In a world depending on communication, translation is generally considered a secondary phenomenon in which the interpreter is hidden behind the speaker. Interpreters are regarded as mere furniture while they are allowed to listen in on the most secret conversations. They are supposed to be neutral transmitters while they hold a delicate position as intermediator. The complex language situation in the European Union makes a condensed case in point: while the United Nations work with six languages, the EU needs translations into 23 languages on a daily basis.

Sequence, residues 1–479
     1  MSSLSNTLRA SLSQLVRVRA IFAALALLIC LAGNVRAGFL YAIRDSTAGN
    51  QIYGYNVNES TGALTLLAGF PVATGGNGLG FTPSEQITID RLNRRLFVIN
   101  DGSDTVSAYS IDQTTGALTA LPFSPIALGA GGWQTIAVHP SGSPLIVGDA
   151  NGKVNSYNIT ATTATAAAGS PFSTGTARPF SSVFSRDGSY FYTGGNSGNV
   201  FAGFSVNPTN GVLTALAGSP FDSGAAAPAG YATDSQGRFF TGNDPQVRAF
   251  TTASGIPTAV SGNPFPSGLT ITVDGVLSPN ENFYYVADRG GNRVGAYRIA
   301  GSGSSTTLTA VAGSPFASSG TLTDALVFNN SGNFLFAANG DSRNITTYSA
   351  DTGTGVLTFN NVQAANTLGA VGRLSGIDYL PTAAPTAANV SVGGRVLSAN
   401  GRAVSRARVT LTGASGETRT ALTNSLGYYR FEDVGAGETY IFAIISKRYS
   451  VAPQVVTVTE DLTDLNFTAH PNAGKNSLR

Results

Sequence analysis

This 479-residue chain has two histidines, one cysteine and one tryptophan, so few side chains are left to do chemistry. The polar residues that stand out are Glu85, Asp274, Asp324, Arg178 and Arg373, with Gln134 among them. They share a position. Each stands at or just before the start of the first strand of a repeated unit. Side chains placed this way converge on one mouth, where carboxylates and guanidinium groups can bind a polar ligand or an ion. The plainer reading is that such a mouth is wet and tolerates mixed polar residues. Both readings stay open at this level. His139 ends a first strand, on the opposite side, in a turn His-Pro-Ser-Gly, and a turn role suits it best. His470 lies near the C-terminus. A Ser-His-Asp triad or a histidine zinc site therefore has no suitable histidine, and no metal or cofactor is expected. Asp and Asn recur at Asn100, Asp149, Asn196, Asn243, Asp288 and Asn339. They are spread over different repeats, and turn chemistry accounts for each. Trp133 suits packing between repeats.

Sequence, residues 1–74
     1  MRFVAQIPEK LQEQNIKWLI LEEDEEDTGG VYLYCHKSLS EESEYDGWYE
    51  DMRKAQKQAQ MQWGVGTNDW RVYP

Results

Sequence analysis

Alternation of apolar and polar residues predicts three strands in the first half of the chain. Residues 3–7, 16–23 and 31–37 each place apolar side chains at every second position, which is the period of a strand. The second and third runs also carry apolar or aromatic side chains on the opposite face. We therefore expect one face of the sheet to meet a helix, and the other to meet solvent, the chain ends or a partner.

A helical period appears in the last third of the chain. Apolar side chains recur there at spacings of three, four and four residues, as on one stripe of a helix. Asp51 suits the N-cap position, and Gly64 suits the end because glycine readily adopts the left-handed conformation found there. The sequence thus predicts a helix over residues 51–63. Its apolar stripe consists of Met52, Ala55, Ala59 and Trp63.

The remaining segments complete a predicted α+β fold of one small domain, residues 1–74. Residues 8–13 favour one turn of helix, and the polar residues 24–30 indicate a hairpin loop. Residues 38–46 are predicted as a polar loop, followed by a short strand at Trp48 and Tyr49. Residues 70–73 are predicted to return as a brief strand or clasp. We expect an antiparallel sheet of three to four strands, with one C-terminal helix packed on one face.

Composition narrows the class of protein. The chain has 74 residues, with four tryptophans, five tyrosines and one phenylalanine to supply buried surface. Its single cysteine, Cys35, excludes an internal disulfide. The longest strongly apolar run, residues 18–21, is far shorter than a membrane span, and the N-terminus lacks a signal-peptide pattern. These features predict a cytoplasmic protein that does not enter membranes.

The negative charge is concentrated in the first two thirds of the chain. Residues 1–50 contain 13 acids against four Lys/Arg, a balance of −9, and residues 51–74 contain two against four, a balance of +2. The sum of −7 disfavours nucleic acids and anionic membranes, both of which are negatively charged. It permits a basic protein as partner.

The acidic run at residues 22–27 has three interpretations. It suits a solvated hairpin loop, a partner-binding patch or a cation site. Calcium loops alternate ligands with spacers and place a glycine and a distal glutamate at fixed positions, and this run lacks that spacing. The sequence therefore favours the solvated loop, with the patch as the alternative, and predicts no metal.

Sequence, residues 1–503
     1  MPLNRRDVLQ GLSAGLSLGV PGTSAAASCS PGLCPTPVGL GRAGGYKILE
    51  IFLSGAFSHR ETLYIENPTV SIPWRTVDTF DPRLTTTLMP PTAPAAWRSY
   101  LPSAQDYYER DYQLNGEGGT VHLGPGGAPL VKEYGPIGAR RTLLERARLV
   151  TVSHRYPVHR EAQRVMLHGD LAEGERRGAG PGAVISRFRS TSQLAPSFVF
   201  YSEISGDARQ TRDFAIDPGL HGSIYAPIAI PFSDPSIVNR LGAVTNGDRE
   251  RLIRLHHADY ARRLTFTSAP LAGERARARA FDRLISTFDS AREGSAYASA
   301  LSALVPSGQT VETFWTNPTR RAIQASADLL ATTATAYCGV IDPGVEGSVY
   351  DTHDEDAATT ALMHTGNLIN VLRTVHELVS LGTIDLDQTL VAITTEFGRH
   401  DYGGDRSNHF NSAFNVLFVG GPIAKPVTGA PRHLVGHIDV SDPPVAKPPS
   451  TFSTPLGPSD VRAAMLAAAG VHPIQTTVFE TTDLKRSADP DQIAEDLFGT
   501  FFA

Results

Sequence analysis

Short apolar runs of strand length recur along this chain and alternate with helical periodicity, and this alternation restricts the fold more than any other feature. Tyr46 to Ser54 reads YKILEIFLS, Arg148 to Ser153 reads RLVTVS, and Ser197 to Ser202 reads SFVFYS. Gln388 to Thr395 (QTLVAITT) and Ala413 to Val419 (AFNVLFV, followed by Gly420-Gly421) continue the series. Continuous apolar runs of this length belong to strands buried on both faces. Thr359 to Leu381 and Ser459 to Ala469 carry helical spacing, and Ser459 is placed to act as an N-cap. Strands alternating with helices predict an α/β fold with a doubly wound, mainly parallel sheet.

This book is based on the short film ‘Cherry Blossoms’ by An van. Dienderen, filmed on location in the European Parliament in Brussels. The film deals with an interpreter who tries to translate a documentary about Japanese Harajuku youth subcultures. The selection of stills presented in the book emphasizes cinematic references with a sequential character, picturing the trials of the actress rehearsing and the hors champ presence of the film crew. Attention is given to the cross-overs between translation and interpretation, between documentary and fiction, between representation and abstraction, and between research and research results. A remarkable essay by writer and filmmaker Trinh T. Minh-ha accompanies the images.
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